All we see, though, is Brienne raising her sword, and then — scene change. “It would have been gratuitous,” Nutter commented Variety about Stannis’ execution. “You really got a sense that Stannis had nothing else to live for. Brienne’s lifelong mission had come to an end. It’s a situation in which Stannis was ready to die and prepared to die.”

Give me. A fucking. Break.

That would have been gratuitous, would it? In an episode that also featured a lengthy sequence with, as Deadspin’s Rob Harvilla put it, “a sobbing naked lady being railroaded through town and pelted with shit for 45 minutes straight as leering extras shouted bitch, cunt, whore and so forth at her as the Flying Nun trailed behind chanting shame, shame, shame and ringing a giant bell.”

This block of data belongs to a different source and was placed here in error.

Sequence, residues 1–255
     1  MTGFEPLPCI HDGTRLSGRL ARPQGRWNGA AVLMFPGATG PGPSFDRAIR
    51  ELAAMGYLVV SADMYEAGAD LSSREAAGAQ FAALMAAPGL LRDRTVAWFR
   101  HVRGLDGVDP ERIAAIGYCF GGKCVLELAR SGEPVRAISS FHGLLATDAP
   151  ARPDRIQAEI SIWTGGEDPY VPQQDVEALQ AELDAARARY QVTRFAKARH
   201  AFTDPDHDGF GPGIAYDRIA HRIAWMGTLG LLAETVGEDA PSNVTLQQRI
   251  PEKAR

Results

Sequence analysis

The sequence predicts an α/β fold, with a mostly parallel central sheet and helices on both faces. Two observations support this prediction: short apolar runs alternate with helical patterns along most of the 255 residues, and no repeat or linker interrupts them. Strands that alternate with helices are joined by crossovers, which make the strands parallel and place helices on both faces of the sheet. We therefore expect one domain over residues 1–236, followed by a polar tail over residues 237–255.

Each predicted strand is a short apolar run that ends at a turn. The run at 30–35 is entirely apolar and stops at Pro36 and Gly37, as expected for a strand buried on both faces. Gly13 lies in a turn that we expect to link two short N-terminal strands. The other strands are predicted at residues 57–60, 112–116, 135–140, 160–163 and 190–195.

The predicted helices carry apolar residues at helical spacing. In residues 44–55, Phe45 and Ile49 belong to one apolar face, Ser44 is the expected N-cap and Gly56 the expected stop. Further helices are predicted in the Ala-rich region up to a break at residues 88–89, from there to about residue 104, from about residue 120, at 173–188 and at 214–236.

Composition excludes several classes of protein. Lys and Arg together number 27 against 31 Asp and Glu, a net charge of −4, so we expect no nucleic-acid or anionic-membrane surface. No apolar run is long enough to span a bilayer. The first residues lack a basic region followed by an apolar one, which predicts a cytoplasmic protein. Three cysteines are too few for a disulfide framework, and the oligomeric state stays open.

There was also the sequence — in this VERY SAME EPISODE — in which two little girls were brutally whipped by a Very Bad Man, who then had his eyes gouged out of his head by a third, more aggressive little girl (that would be Arya Stark, played by Maisie Williams, one of the few other people left to root for here), who is punished for said gouging/killing by being blinded by her male boss. Not gratuitous, all of it!

And this, I think, leads me to why I won’t be returning for Season Six.

Because the moment we might finally get to see Brienne of Tarth — again, one of the only female characters on this show who’s physically capable of fighting back against the nonstop threat of violence from men all around her, all the time — get a little vengeance on, we’re denied.